Watch: Vera Songwe on Africa’s debt and path forward

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COVID-19: A conversation with Vera Songwe. Via YouTube

African countries need more capital as they work to shore up their “bleeding” economies as a result of the COVID-19 crisis, and that support can come in many forms: debt suspension and restructuring, more multilateral financing, and a liquidity and sustainability initiative, according to Vera Songwe, executive secretary at the United Nations Economic Commission for Africa.

“On the economic front, Africa is bleeding,” Songwe told Devex President and Editor-in-Chief Raj Kumar in an interview. “The longer … the crisis takes, the longer it takes for our economies to reopen fully, the more painful it’s going to get. And then we will start seeing some unraveling of our economies.”

The cost of borrowing for African countries is many magnitudes higher than for the world's richest countries, often because of perceived risks, but Songwe is advocating for an initiative that would help level the playing field and build some of the financial infrastructure that the richest countries have used to stabilize their economies in the wake of the pandemic.

While debt discussions are critical, African countries still need to be able to turn to private capital markets to access financing, something made harder by COVID-19. That is why Songwe and others on the African continent are pushing for the Group of 20 leading nations to support the Liquidity and Sustainability Facility, which would lower borrowing costs for governments and give them access to funding to make it through the crisis.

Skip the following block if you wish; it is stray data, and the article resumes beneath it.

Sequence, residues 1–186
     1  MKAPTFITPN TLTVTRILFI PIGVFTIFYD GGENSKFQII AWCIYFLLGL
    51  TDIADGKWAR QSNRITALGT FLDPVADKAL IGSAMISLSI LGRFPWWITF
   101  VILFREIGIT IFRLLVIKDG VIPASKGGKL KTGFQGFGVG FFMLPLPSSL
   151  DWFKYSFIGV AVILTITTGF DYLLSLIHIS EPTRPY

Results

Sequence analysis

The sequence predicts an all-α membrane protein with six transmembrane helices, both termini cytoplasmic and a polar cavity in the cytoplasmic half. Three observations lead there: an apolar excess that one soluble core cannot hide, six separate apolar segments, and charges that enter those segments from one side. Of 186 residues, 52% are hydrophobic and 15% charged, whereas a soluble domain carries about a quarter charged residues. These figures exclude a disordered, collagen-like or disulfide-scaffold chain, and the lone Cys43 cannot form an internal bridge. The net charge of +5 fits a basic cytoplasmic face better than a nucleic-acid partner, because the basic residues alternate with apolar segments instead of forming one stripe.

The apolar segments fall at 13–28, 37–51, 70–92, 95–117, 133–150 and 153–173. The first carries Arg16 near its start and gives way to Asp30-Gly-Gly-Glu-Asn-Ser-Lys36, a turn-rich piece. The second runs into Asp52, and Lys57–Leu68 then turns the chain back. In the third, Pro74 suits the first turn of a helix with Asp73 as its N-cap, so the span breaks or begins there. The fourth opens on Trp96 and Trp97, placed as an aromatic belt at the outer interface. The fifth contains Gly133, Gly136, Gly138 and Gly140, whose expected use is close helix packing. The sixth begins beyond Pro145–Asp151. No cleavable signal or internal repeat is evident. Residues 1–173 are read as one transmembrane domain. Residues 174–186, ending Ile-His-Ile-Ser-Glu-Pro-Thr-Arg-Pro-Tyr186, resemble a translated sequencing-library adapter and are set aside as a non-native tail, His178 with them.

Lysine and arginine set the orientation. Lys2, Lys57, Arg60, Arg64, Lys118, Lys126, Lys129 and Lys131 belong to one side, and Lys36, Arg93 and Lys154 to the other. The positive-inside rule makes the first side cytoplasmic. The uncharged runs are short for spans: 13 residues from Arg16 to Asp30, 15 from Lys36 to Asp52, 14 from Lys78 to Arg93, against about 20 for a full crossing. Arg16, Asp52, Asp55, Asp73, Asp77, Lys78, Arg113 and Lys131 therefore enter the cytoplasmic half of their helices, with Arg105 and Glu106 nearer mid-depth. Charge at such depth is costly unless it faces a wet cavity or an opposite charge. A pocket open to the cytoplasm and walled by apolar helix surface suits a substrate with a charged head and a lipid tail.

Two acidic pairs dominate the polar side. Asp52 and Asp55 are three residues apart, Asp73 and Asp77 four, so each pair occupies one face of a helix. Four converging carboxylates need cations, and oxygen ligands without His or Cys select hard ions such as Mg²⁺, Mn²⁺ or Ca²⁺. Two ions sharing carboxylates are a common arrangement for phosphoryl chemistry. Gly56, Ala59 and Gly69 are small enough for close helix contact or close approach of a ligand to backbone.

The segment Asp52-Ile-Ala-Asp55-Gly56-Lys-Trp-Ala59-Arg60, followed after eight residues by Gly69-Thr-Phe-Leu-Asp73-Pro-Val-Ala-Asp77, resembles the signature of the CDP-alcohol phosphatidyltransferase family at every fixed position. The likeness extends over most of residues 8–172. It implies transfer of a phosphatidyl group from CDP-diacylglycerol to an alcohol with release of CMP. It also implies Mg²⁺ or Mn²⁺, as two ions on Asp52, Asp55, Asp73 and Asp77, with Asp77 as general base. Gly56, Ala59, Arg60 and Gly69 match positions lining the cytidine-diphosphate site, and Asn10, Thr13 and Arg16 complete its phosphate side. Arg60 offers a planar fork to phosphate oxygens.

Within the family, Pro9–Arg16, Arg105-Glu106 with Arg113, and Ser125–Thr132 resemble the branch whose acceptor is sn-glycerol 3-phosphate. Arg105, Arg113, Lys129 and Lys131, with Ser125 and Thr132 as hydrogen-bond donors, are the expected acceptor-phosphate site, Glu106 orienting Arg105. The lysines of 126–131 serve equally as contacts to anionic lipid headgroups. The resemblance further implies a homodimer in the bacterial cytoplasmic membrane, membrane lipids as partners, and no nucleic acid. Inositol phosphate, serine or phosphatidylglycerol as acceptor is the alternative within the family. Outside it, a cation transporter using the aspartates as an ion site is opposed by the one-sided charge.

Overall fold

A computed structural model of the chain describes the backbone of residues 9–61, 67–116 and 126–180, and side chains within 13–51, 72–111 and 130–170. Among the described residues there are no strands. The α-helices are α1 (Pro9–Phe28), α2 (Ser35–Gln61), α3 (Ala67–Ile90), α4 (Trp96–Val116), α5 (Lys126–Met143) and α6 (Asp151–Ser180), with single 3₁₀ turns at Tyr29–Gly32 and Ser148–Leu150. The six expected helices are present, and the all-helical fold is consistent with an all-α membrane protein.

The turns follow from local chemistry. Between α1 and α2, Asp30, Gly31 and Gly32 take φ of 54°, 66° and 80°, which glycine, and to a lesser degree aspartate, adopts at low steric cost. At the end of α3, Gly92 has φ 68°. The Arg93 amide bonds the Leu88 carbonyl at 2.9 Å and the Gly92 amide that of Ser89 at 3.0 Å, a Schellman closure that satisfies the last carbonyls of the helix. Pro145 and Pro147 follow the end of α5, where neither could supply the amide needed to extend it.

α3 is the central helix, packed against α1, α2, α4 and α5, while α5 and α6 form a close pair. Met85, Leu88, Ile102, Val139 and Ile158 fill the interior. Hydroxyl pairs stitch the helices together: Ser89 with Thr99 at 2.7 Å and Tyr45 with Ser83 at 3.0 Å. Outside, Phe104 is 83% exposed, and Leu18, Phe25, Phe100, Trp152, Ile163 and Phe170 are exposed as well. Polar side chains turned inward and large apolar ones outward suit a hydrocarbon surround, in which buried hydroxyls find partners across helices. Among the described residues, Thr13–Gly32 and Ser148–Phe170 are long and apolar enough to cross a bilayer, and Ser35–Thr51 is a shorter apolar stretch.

Watch the interview in full.

For more interviews with leaders on COVID-19, watch:
Habitat's Jonathan Reckford on COVID-19 and global housing
Africa’s fintech trends accelerate due to COVID-19
Gilbert Houngbo on food security and COVID-19
Bertrand Badré on the pandemic's effect on impact investing

About the author

  • Raj Kumar

    Raj Kumar is the Founding President and Editor-in-Chief at Devex, the media platform for the global development community. He is a media leader and former humanitarian council chair for the World Economic Forum and a member of the Council on Foreign Relations. His work has led him to more than 50 countries, where he has had the honor to meet many of the aid workers and development professionals who make up the Devex community. He is the author of the book "The Business of Changing the World," a go-to primer on the ideas, people, and technology disrupting the aid industry.